On many occasions I have argued contemporary issues from a position described as politically ‘on the left’.
In response I have frequently been called a ‘Champagne socialist’. Presumably this is on the assumption that a strong belief in social and economic justice is incompatible with any form of successful career. My suitability as a financial adviser has even come into question.
Ahead of his time
Debating opponents usually start their arguments with history.
Many people unfavourably compare Labour’s current leader, Jeremy Corbyn, to Labour’s leader in the early 1980s, Michael Foot. Usually the only thing people know about Foot is the Gerald Kaufman quote in which he described Foot’s 1983 election manifesto as being ‘the longest suicide note in history’.
That manifesto is primarily remembered for being anti-nuclear and ‘tax and spend’, yet it included many impressive progressive policies. For example: disability rights in the workplace; equal pay for women; equal rights for all LGBT people; environmental protection measures; acknowledgement of animal rights; protection of ethnic minorities through the definition of hate crimes and racist offences; devolution for Scotland, Wales and Northern Ireland; and reform of the European Economic Community (now the EU)…or a vote to exit.
Eventually we have caught up!
Achieving social justice requires rebalancing. Usually rebalancing is achieved by state provision of common requirements such as healthcare, education, security, law and order, and infrastructure. We all benefit collectively from this, including the most powerful chief executive.
These provisions are collectively funded by a state that is exercising, through a social contract, the democratic will of its people. The consideration in that social contract is the payment of tax.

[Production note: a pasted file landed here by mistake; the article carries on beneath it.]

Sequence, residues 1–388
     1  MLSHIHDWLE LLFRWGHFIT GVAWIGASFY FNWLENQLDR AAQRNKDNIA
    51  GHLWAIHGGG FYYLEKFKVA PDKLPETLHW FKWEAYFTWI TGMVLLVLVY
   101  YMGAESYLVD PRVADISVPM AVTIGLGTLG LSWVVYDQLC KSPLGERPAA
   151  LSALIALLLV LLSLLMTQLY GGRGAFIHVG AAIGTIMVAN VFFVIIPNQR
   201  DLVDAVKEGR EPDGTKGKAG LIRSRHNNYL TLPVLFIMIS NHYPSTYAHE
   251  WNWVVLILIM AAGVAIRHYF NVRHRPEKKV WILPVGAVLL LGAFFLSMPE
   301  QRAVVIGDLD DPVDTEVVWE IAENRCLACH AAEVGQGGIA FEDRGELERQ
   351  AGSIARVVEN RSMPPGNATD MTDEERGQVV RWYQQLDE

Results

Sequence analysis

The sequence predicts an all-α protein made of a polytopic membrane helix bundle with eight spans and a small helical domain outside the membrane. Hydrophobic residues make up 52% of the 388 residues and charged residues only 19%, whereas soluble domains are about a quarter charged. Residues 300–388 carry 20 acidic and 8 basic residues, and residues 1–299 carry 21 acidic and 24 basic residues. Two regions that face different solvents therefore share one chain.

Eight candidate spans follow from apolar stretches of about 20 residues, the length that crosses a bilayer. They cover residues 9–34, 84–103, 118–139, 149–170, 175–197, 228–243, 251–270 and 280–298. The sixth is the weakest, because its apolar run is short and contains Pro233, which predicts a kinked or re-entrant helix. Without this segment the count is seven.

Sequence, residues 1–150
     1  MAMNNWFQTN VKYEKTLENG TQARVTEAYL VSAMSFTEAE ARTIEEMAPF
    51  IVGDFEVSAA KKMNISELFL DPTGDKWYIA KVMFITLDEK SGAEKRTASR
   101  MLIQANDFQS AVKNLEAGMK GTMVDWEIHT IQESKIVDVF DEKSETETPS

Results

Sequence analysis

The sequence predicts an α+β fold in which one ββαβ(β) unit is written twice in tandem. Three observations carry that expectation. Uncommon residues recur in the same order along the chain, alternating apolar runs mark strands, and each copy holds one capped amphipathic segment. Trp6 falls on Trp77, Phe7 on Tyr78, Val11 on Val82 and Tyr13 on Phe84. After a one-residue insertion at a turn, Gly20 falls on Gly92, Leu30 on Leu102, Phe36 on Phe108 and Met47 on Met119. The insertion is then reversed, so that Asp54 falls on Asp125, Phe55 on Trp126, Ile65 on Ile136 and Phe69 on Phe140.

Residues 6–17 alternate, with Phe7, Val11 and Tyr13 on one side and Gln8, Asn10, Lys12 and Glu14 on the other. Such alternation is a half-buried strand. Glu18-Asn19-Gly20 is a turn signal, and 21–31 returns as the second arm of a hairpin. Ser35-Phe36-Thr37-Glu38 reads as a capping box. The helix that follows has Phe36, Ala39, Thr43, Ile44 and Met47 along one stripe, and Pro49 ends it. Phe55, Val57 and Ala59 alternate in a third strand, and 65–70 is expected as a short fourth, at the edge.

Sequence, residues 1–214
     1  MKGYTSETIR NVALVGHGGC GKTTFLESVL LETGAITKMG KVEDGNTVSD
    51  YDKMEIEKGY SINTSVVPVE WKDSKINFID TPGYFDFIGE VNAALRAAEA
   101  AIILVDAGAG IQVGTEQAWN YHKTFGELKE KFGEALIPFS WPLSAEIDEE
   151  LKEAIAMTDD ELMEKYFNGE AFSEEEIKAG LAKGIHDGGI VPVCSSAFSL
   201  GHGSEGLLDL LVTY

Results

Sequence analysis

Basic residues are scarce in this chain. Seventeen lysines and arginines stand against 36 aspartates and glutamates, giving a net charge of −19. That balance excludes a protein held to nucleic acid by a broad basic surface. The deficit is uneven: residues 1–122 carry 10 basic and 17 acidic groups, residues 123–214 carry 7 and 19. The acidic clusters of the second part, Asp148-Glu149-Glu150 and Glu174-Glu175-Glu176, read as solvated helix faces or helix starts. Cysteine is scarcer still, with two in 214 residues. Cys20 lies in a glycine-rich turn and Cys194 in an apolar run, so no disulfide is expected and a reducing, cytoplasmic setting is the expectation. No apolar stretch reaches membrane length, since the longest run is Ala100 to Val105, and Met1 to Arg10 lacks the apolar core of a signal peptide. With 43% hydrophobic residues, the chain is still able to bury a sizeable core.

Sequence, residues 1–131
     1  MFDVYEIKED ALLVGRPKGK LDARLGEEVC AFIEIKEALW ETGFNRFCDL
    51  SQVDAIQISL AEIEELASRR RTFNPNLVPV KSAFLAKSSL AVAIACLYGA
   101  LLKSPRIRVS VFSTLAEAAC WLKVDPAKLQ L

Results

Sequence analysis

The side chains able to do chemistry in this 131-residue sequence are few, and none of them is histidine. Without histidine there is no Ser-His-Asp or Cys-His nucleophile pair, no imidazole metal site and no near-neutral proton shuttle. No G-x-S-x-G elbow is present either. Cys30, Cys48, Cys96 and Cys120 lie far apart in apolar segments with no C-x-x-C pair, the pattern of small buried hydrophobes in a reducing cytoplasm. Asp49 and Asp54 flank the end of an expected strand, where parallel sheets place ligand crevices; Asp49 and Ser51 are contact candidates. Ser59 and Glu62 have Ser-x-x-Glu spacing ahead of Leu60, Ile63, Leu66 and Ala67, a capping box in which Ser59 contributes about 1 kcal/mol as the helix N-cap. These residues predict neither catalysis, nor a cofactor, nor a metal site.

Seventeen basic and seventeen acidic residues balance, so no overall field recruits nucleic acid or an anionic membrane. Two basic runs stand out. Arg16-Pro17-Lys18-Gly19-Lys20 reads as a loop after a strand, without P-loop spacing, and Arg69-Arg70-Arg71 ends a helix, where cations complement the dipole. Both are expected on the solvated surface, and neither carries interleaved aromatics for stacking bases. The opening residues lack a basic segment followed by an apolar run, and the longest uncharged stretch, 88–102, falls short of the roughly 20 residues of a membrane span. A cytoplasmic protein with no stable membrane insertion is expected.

Here we run up against a common attack on socialist policies: tax and spend. But governments do not tax and spend. They first campaign to be elected on a number of spending commitments and then, if elected, they seek to implement them.
Next, they raise the money to do so by whatever means at their disposal, which does not necessarily require any taxation at that stage. There is always money available to a sovereign nation.
Finally, they must maintain inflation control by restricting the broader money supply, finance any debts and maintain confidence in the currency by collecting taxes.
Rather than the phrase ‘tax and spend’ it should really be ‘commit, create, collect’.
As advisers, we know there is always only so much money in circulation in multi-faceted debit and credit arrangements. In left-wing economies, most of the debt is with governments. In right-wing economies, most of the debt lies with individuals and is owed to the banks. In a world of tax-avoiding corporations and globalisation we need to rebalance power to governments away from banks to protect the majority.
I believe in being prepared to commit money to fund state investment to stimulate growth. I believe in strongly funded education. I believe in much larger state investment in housing. And I believe in a strongly supported healthcare and pension system to protect everyone who is currently, or has previously, contributed to our collective wealth. I also believe that, like the best investments, the returns will justify themselves.
Part to play
How do I reconcile all this with being an IFA? There are areas of inequality that cannot be addressed by the state alone. As IFAs we can address this because we are in the ‘money at the right time’ business.
We are educators. We teach the power of good credit ratings, cash reserves and having insurance to replace what you cannot afford to replace otherwise. We help clients utilise incentives to do what is in their own best interests, such as ISAs or pension saving.
Financial planning does not have to be only about avaricious wealth accumulation for the richest. It can be about protecting financial independence, investing ethically and helping rebalance an unequal society by helping everyone. Especially those who need our help the most.
Steve Buttercase is principal of Verve Investment Planning